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A Comment for Trygve Inda

Reader comment on item: Spreading Islam in American Public Schools

Submitted by (name withheld) (United Kingdom), Apr 19, 2005 at 11:58

You'll hear no argument from me, Trygve, against a school, or university, textbook telling history in the proper/right/objective context. That's the ideal way of teaching people about other people. I actually skimmed through the "History Alive!" textbook; yet I had a hard time finding any honest analysis in the textbook. It touches on the hard facts--which are what facts are, objective/true--but lacks any honesty. Granted, it may not be suitable to include analyses on civilization histories and bore middle school children with lengthy opinions on the grey areas all civilizations entail. But what about the basic, proper-level, insights into the real facts that took place since the birth of Islam? In the book, there is not even the slightest hint at the Apostasy Wars (c. 632-635 C.E.) which claimed the lives of thousands of infidel Arabs, the arbitrariness of the Hadiths (which is where the information is drawn from), the skepticism of Arab religious scholars of Muhammad's prophethood, etc. I believe with all objectivity comes an equal share of honesty. And by honesty, I mean giving a true weavework of the facts, a type of coherence to history. The two, objectivity and honesty, run side by side.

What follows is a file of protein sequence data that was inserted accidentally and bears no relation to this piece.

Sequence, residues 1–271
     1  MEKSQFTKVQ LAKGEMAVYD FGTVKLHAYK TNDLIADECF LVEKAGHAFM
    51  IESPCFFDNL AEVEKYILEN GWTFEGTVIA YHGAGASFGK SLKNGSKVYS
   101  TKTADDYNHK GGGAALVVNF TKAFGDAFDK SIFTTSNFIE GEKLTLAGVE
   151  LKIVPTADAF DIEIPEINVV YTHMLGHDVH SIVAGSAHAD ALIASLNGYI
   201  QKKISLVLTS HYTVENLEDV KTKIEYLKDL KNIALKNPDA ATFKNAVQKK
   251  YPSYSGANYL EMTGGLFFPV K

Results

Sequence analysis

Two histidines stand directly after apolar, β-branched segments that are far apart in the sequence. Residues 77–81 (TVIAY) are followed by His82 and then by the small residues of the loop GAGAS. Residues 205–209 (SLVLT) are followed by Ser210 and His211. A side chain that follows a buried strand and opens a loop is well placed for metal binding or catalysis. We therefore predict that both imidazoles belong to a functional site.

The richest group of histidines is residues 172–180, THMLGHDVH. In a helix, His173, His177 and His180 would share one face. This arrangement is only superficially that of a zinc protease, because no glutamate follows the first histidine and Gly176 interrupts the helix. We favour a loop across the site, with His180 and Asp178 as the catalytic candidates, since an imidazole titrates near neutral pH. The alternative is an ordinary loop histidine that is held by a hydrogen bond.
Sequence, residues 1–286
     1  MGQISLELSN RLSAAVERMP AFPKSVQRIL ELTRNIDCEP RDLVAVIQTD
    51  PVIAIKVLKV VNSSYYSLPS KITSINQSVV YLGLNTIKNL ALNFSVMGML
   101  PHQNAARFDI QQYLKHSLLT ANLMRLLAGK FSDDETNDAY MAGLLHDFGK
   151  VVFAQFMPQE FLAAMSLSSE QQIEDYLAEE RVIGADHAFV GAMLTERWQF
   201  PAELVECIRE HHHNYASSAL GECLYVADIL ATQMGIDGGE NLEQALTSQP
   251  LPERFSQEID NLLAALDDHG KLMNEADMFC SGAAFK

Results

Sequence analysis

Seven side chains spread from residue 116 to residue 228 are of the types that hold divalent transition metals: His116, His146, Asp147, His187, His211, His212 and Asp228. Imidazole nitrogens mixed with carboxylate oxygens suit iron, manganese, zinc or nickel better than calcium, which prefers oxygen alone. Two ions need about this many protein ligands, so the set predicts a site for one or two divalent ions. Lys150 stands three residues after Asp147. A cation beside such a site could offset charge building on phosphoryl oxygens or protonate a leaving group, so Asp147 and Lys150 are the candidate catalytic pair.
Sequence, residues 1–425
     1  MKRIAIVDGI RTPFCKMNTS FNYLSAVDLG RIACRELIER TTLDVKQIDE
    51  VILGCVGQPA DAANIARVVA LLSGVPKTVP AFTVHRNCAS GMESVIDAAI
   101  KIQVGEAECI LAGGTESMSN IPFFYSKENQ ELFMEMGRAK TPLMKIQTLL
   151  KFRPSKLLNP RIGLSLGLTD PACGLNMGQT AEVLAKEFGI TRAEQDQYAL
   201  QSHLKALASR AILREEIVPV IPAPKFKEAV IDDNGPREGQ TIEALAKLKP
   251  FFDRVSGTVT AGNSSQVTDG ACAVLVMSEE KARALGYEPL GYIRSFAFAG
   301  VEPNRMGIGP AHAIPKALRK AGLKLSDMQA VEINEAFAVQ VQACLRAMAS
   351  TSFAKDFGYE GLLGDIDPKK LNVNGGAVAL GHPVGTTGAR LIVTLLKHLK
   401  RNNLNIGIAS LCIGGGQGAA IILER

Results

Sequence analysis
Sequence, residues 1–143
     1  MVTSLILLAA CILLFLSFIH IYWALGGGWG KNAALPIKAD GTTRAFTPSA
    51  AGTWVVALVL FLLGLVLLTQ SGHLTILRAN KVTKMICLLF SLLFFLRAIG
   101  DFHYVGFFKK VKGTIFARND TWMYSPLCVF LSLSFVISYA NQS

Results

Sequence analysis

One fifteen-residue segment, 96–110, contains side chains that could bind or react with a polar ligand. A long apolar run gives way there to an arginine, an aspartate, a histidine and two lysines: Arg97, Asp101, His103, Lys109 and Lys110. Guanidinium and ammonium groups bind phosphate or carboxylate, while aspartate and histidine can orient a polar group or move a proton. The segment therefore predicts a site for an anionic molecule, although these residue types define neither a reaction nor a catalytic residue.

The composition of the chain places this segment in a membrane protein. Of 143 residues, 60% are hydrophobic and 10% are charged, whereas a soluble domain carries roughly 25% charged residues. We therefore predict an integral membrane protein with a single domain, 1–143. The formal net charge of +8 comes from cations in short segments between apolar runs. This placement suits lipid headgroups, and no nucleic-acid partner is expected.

The book also talks about the great inventions, science, architecture, medicine that was being studied and accomplished in the Islamic empires/sultanates. Of course, it shies away from mentioning that this is just plain obvious. Many of the accomplishments that took place, for example, during the time of the Abbasids, were effected under the precondition that new lands were being conquered. Science among the new Muslims never upsurged until they began expanding into new civilizations. Popular ideas and inventions that started in India, say, were disseminated into the Muslim milieu and claimed by them, such as the concept of "zero", paper, ointments, and so on. The book censors the fact that many scientists never even accepted the absoluteness of the Islamic faith, and in fact, professed deism/reason as against Islam ( e.g., al-Farabi, Avicenna, Omar Khayyam, ibn Haitham, and many others) and went through tribulations by proclaiming their personal beliefs.

Most important of all is, the textbook by its very silence on the issue, sanctifies the Muslims' casus belli at that age: the Qur'an's injunction in chapter 9, verses 28-29 and chapter 4, verses 88-89 (that allows killing dissenters and apostates). The authors of the book scurry away like mice from discussing what made all the above possible.

So, Trygve, you are right to admire a book for its objective history, but I disagree with you if you think the book has any residue of honesty with its regard to Islam. Perhaps being honest about the book lies at breaking point of its publishing company, that it decides to go ahead without it. To me, that's all the more reason for parents and teachers to settle claims against the publishers.
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